(84002 Ioulida Keas tel. 22880 22079)
Kea is the island of the Cyclades that has always fascinated with its natural beauty. The inhabitants of ancient Kea have always participated in major historical events. The four cities, Iulis, Karthaia, Korisia and Poiiessa, quickly developed solid political institutions and experienced great prosperity.
Parts of the pediments of the temple of Athena are exhibited in the Archaeological Museum. From the fragments of the Enaetian sculptures we conclude that the southern pediment had as its subject the Amazon battle with Athena in the center, while the capture of Antiope by Theseus was in the position of the promontory, as evidenced by two architectural members, on the top simi of the southern side, which they bear the inscriptions Theseus and Antiope.
Despite the political fragmentation of the island, the sense of unity is reflected in its myths, while inscriptions attest to the periods of political unity of Keos. These epigraphic testimonies are presented to the general public in the exhibition of the Epigraphic Museum entitled "Civilization of the Keians by cities. The division as a means of political control". This exhibition highlights and illuminates the forms of political union formed by the cities of Kea in the 4th and 3rd centuries BC.
The first exhibit, in the initial section, the list of winners of pan-Hellenic games from Ioulida, declares the dynamism and pride of the Keians for those who managed to give their island pan-Hellenic glory even in peaceful periods.
Kea's relations with Athens, undisputed power in the critical area of the Aegean and in the 4th c. BC, are the subject of the second section. The island's abundant deposits of milt, a mineral necessary among other things for the long maintenance of Athenian ships, are of particular interest to Athens, which does not favor the union of the cities of Kea. He does not even hesitate to violently intervene in the island after the defection of the Julians from the Second Athenian alliance in 364/3 BC. and to demand the political fragmentation of Kea, in order to impose its policy.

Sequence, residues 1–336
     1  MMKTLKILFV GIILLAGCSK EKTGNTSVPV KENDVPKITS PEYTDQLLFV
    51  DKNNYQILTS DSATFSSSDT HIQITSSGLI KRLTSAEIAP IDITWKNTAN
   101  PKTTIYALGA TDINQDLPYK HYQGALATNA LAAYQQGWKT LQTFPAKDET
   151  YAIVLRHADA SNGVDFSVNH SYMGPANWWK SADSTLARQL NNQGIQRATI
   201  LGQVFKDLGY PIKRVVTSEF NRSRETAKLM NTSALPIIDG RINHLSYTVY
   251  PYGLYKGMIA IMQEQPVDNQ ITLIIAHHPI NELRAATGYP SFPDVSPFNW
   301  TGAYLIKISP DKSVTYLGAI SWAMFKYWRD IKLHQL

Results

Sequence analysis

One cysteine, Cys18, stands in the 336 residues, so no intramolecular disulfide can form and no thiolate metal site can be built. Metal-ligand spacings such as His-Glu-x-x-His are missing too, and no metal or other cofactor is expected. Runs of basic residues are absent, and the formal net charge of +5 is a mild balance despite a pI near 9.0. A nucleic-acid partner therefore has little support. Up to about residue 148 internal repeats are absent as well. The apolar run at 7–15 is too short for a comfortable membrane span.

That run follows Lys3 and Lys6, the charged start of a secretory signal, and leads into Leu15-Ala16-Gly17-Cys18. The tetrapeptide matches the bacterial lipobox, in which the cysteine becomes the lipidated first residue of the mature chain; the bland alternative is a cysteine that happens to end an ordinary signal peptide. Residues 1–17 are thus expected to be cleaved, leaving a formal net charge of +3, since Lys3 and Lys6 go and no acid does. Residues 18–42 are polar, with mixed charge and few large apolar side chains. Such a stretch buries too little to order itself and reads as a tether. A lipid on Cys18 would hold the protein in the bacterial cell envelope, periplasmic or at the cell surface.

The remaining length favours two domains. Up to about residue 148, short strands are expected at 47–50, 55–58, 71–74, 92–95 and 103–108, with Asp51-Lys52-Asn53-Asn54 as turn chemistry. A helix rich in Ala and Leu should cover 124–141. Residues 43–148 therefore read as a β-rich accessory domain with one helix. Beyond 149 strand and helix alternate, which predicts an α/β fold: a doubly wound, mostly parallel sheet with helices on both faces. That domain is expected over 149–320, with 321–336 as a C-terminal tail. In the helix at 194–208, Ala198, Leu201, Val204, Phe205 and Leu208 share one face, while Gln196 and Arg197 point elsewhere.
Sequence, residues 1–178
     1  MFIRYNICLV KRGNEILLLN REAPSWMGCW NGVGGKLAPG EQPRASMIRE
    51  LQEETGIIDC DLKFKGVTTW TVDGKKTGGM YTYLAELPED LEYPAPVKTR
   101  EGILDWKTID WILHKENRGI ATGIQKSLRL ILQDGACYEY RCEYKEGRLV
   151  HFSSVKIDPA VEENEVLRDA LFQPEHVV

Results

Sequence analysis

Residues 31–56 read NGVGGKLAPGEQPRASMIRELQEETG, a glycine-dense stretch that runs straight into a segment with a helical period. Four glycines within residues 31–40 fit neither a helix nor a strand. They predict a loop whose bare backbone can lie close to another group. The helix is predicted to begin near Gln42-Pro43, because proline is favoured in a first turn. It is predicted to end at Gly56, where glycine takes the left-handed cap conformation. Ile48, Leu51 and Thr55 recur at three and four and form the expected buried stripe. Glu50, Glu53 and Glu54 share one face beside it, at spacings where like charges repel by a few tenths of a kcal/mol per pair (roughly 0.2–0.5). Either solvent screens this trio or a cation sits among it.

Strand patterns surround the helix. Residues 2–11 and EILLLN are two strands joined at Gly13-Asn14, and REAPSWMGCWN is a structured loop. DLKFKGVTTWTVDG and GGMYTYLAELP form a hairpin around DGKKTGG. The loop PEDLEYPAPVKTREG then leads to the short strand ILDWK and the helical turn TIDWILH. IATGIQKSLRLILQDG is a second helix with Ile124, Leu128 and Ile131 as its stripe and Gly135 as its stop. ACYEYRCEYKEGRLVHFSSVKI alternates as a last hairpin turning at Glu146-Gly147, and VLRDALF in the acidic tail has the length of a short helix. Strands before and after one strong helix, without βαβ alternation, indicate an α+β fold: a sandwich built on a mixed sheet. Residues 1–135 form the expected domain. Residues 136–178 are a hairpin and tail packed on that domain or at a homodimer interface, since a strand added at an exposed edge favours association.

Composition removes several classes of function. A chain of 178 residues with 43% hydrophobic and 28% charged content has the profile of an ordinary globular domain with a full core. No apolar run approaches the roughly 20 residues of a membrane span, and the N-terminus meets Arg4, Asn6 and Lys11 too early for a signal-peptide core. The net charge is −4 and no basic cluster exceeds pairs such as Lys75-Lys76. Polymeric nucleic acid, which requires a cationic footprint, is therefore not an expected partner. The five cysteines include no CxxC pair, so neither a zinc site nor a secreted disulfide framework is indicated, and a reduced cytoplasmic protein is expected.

The third section illuminates the relations of Kea from 394/3 BC. and so on with the Eretrians and in the next century with the Aetolians at a time when the powerful (Athens, Sparta, Thebes) are no longer able to impose themselves dynamically in the Aegean area, much more to provide guarantees of protection to the small island societies.
The last section of the exhibition takes us to the 19th century, a time when the local scholar Konstantinos Manthos (1826-1890) was active in Kea. His handwritten texts provide valuable evidence for the archaeological and epigraphical research of the island, while his undying love for the antiquities of his homeland saved the ancient testimonies themselves.
Editor: Fotini Anastasopoulou